The level of the subsistence minimum depends on socio-economic factors and is more mobile than the poverty threshold. The poverty threshold, as experience shows, does not reflect the growth of consumption, increasing due to rising prices.
The poverty threshold is quantified on the basis of data on the cost of food, based on rational consumption rates and the share of food costs in family budgets. It is revealed that low-income families spend relatively more money on food than high-income ones; the proportion of the cost of food also depends on the size of the families: small families spend relatively more on food than larger families. There is a kind of “economy from the scale of the family” not only in relation to food expenses, but also in other consumer spending. The logic of the relationship between the cost of food and the poverty threshold is that if a low-income family spends 1/p of its budget on food, then the poverty threshold will be equal to the cost of food multiplied by n.
The problem of measuring poverty is ultimately based on the range of needs that are recognized as socially necessary. A distinction is made between absolute poverty and its alternative definitions, taking into account the moral damage from the perception of poverty.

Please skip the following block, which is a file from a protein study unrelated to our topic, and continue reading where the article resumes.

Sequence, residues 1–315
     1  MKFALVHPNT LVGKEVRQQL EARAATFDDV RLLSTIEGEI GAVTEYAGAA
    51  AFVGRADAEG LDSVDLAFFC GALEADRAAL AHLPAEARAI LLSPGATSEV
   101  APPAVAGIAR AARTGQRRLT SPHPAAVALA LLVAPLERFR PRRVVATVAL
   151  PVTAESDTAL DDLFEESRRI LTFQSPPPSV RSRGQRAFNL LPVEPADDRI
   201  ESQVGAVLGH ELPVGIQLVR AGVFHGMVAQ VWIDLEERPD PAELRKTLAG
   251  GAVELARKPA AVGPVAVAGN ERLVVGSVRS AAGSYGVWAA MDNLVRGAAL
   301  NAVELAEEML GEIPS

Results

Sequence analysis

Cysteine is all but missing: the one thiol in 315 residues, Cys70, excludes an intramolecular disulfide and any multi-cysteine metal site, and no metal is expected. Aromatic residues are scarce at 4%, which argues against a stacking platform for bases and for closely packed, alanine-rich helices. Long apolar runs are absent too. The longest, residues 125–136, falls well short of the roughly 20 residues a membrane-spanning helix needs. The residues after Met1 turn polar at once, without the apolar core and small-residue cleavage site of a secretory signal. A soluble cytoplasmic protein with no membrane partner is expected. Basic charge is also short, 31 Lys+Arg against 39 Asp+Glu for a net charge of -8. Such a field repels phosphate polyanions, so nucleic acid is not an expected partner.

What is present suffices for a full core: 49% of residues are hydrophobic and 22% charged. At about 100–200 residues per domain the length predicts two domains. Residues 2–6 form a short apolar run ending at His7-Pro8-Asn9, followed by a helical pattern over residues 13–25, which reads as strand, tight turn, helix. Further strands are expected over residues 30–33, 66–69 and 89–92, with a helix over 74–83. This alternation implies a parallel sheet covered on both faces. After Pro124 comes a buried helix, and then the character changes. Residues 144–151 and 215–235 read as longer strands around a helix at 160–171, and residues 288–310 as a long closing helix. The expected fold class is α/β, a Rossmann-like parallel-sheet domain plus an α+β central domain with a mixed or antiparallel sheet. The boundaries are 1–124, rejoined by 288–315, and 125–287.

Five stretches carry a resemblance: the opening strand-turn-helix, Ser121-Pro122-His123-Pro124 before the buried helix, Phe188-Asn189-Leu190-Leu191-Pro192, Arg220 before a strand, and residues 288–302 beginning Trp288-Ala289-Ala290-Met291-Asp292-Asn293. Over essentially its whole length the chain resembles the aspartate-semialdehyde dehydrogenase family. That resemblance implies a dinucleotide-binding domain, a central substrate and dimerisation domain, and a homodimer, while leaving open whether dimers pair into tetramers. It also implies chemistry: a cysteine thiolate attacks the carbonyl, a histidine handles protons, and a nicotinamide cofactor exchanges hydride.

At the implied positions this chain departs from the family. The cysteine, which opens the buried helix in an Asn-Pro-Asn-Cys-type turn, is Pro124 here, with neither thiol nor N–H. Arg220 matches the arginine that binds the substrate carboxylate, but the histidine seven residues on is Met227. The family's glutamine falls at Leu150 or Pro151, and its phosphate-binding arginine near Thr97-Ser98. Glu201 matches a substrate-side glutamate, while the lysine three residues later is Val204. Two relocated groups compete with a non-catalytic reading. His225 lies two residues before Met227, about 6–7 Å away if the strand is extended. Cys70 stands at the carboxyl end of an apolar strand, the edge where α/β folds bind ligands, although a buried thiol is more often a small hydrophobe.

Factual information on the poor shows that poverty is uneven among different groups of the population, young and old, family and single, employed and unemployed. The spread of poverty is different between the urban and rural population, in different territorial and natural-climatic regions, between different ethnic groups of the population. What is considered poverty in one country is regarded as a sufficient level of comfort in another.
In the analysis of poverty, the question of its sustainability is of great importance not only in society as a whole, but also for each family, for an individual. Studies show that poor families are heterogeneous in terms of stay in cramped living conditions. Conditionally, it is possible to distinguish chronic (stagnant) and current poverty. The criterion for distinguishing between these forms of poverty is related to the duration of poverty and the likelihood of moving to more income groups.
Differentiation of the causes of poverty leads to the need to distinguish between types of poverty in order to determine specific measures to eliminate or reduce it.
All factors of income differentiation, independent of personal efforts, act as a kind of barriers to increasing income status. State redistribution of income and social policy in general are designed to eliminate the effects of some barriers and neutralize or weaken the effects of others. By developing public education and health care systems, adopting laws protecting human rights, limiting discrimination on the basis of sex, age or ethnicity, the state promotes the formation of income as an objectively developing process.